2009 NEWS

2009 NEWS > 5/4/09

GLAVINE REMAINS CONFIDENT FOLLOWING BULLPEN SESSION

By David O'Brien
Original Article HERE.

Braves veteran Tom Glavine’s thoughts were on pitching again, not retirement, after a pain-free bullpen session Monday at Turner Field. It was his first time throwing off a mound in three weeks.

“I’m encouraged by it,” the 43-year-old left-hander said after about making 35-40 pitches in a 15-minute session, his first since shoulder pain forced him from a minor-league rehab start April 12.

“My biggest concern going out today was going through my windup and making pitches the way I wanted to, without feeling like I was cutting anything off [on arm extension] to try not to make it hurt. And I accomplished that,” Glavine added.

Baseball’s only active 300-game winner had elbow and shoulder surgeries last Aug. 21 and has been on the disabled list since the season began. His scheduled mid-April return to the rotation was scrubbed by the setback, which he sustained while batting in what was to have been his last minor league start.

“My side session today was better than any of my side sessions in spring training, as far as how I felt and how crisp my pitches were,” said the two-time Cy Young Award winner.

Glavine thinks he could be ready to pitch five innings in a minor league game within two weeks, provided he has no problems recovering from Monday’s session or the subsequent steps in recovery. His next bullpen session is scheduled for Friday.

Dr. James Andrews examined him after the April 12 incident and prescribed two weeks of rest. Glavine indicated then that if he didn’t feel better after the rest period, he’d consider retirement.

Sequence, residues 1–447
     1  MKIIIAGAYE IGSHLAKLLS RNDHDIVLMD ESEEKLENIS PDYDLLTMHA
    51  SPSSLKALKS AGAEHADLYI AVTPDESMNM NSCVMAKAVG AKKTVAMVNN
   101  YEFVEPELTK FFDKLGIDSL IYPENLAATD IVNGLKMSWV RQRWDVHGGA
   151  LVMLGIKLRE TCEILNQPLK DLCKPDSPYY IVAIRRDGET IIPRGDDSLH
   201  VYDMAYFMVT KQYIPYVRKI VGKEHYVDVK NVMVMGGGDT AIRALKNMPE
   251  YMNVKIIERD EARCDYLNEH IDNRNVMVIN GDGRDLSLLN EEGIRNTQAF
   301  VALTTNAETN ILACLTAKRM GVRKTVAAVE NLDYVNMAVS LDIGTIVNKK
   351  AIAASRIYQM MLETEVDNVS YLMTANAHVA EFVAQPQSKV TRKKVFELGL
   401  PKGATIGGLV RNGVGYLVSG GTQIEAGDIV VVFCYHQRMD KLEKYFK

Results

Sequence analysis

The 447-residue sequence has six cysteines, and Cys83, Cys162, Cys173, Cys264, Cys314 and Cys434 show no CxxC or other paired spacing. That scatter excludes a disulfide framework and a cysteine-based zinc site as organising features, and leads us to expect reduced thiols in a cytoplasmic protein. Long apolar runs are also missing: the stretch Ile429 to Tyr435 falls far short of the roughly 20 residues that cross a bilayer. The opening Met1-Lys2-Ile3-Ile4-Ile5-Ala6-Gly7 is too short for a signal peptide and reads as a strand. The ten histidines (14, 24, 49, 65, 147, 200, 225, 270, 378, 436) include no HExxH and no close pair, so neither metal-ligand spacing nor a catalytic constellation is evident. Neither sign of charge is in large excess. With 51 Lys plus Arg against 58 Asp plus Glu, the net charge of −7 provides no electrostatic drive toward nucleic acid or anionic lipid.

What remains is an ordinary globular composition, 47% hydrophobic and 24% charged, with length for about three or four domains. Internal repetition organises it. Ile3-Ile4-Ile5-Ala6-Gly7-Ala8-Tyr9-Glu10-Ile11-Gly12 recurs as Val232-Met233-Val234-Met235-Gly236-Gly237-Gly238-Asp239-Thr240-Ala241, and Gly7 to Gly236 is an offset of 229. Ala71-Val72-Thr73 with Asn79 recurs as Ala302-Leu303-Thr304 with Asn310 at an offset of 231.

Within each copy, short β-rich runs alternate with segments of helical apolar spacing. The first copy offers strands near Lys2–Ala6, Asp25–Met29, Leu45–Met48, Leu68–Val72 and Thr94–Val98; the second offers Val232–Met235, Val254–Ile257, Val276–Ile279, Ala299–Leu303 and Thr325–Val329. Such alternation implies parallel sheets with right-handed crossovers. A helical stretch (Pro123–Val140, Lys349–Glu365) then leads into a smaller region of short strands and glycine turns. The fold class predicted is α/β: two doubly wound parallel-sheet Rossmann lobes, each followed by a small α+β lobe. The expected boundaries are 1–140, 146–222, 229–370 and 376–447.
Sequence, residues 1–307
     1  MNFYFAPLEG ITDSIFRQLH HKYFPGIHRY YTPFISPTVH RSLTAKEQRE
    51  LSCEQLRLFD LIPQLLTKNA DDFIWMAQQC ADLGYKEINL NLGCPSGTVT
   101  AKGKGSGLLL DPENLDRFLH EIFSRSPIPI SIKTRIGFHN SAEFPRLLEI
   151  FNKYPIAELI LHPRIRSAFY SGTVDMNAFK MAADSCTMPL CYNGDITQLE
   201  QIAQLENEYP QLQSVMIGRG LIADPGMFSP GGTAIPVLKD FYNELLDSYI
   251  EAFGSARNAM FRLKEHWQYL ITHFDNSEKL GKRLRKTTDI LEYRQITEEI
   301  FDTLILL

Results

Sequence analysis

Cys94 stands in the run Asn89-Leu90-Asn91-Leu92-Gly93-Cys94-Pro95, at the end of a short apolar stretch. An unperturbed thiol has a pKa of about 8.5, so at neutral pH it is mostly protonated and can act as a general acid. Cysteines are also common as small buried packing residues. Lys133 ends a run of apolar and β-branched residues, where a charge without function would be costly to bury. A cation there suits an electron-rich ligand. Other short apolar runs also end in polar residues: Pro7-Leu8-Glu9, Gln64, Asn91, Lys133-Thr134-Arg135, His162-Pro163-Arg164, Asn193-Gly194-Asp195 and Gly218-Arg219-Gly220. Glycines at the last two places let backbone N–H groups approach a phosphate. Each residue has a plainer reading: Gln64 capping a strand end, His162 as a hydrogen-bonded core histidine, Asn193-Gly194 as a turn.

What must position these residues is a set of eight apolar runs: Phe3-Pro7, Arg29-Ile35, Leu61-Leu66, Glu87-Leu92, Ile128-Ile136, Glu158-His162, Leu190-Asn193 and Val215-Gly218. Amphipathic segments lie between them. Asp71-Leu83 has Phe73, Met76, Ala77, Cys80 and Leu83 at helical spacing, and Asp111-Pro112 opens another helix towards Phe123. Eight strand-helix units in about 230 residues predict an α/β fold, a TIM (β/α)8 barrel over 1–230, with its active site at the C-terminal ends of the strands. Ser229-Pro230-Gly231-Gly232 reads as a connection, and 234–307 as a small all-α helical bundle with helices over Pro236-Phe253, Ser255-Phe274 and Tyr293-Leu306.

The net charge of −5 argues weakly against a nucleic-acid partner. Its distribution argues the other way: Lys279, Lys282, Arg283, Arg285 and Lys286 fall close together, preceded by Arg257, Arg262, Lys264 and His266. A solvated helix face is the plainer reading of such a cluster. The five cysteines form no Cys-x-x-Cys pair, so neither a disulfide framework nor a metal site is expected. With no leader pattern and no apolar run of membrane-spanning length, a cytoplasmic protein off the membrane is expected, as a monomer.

He pushed those thoughts to the back burner Monday. Throwing with what he said was about 65-percent effort, he said his location was good and he did not alter his delivery to avoid any discomfort.

“I didn’t have as much arm strength today as I had at the end of spring training,” Glavine said. “How long that will take, I don’t know. But I don’t think it will take a long time.”

He plans to play catch and have a long-toss session in the outfield before his next bullpen session. If that all goes well, he could face hitters next week in simulated-game conditions.

Glavine said rather than pitch two or three innings in a minor league game next week to build arm strength, he’d prefer doing so against Braves hitters and wait to go back out on a rehab assignment when he is able to work four or five innings.

He was 2-4 with a 5.54 ERA in 13 starts in 2008 before season-ending to repair a torn flexor tendon in his left elbow and clean out wear-and-tear damage to the shoulder. Glavine had never been on the DL before last season.

He signed a one-year, $1 million contract that includes up to $3.5 million in bonuses, including $1 million if he makes the active roster.

Someone suggested to him Monday that he might pitch again before John Smoltz, who’s attempting a comeback from shoulder surgery with the Boston Red Sox.

“I hope so,” Glavine said, smiling.